Meanwhile, Ned has developed a ploy to catch the Bellman in action. They’ll set up Rob to think that a rich lady will be out of town, so that when he goes to steal from her, he’ll be caught red handed. Unfortunately, the only plausible house they can think of is Vivian’s and Lily’s. While Ned and Olive try to work on the aunts, Chuck sneaks into her old bedroom to look for some old letters of her dad’s. While she doesn’t find any clues to Dwight’s intentions, she does get a nice surprise with the entrance of Rob through the window.
Instead of freaking out, Chuck has a nice discussion with him. It seems he’s merely trying to be noble. He’s taking money from those who don’t need the extravagance and donating it to needy causes, but he’s no killer. However, he did know Gustav. Gustav was impressed with Rob’s kind heart and the two developed a plan. Rob would break into Gustav’s safe and steal his fortune. If the gold-digging wife stuck by her husband, he’d know she was a keeper. Afterward, Rob would give back half and keep half for charity. On the night in question, however, Elise caught him in the act and the plan was foiled.
Now that the blame has shifted back to the wife, the three begin to stake out the mansion. What they discover is a love affair between the porter and Elise. Seems like a good motive. Elise’s alibi didn’t check out, but she confesses that she was actually at the key party with the porter. But she convinces them that she never saw the robber like Rob claimed she did, so the attention is once again focused on Rob. When he pulls a knife on Emerson, it’s pretty clear that he’s the culprit.
Dwight Dixon has figured out that Chuck is "alive" and tracks down the pocket watch from Chuck’s apartment. Lilian, meanwhile, was feeling sentimental and visits Chuck’s grave. When she sees it has been unearthed, she knows that Dwight is to blame. Lily’s got a lot of balls, so she decides to break into Dwight’s hotel room to steal it back. She does, along with his own pocket watch. Dwight thinks Chuck has stolen them back.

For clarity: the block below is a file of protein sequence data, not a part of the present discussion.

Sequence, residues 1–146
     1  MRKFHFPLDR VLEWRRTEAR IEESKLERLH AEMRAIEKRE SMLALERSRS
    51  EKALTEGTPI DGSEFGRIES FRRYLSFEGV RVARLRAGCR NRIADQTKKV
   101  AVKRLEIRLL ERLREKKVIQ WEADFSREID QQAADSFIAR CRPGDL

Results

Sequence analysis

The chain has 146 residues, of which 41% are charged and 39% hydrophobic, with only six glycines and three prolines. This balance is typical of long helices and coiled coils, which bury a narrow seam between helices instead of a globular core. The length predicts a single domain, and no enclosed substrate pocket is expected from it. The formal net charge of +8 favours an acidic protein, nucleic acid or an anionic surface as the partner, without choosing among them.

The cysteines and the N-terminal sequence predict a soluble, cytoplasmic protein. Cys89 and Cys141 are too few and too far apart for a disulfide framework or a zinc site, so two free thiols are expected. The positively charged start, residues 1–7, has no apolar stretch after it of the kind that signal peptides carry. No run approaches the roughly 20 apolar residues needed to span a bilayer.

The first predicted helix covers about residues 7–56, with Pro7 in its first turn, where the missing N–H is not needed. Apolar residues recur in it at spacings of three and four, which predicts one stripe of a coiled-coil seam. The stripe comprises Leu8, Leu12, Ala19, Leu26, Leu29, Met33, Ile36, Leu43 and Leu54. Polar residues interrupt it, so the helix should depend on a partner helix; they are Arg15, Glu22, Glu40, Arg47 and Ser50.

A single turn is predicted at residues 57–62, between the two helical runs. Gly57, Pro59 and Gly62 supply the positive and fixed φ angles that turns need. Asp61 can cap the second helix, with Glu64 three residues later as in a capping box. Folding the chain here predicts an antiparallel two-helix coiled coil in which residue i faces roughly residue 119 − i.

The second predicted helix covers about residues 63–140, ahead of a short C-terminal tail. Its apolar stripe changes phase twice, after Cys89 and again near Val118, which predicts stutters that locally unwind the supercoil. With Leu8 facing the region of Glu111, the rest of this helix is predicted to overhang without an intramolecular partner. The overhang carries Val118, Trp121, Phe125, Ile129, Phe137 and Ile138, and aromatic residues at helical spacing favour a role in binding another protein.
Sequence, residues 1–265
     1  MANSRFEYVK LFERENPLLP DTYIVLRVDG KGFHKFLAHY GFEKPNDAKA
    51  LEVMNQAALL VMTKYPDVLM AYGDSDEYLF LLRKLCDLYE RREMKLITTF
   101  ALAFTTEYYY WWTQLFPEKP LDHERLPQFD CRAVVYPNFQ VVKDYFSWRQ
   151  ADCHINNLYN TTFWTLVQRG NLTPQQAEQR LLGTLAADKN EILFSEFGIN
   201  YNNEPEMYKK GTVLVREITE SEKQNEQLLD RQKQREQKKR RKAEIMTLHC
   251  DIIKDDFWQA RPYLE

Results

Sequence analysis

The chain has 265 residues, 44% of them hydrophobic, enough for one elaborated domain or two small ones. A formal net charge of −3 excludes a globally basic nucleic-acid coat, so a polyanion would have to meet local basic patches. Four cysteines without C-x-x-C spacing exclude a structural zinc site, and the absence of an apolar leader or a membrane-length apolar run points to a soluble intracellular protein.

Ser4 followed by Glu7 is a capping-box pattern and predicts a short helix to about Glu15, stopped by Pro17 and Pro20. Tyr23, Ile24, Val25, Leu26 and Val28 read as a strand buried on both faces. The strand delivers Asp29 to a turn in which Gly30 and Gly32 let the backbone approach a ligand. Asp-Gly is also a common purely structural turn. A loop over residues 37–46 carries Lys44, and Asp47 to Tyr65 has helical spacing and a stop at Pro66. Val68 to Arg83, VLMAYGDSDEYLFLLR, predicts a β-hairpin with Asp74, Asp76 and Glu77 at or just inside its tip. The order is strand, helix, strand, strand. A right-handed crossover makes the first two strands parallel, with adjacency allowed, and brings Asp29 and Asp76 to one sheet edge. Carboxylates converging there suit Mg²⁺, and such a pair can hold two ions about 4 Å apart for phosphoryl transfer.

Daniel Hill now has peace of mind. As it turns out, Gustav had discovered his wife’s affair and had tried to stop the robbery scheme with Rob. Rob flipped out, not wanting to give back the money, and accidentally caused the chandelier to fall on Gustav’s head. Before he died, Gustav realized that the only person who ever truly loved him was his lawyer and decreed him the sole heir to the fortune.
Olive comes bearing bad news. Dwight stopped by and happened to leave a copy of Chuck’s obituary on the counter. The message is loud and clear: he’s onto them. Ned and Chuck have no choice but to dig up her father’s body. Ned is concerned that the emotional trauma will be too much for her to handle, but she insists that she can get through it as long as she has Ned’s love. That’s almost a fairy tale ending.
Odds and Ends from "Robbing Hood":
• The beginning snake/bunny scene reminded me of the Robin Hood: Men in Tights quote– "My goldfish, Goldie?" "Eaten by the cat." "My cat?" "Choked on the goldfish. "
• This show has a strange fixation on taxidermy.
• Loved Olive’s Zsa Zsa Gabor impression.
• Also had to laugh at Rob Wright’s hilarious attempt at escaping Emerson with a slick Robin Hood-type maneuver that failed miserably. At least he looked cool for a few seconds.
Now that the show is officially canceled, what would you like to see in the final six episodes? Should Vivian fall in love with Dwight? Should Emerson find his daughter? Does Lily need to get laid?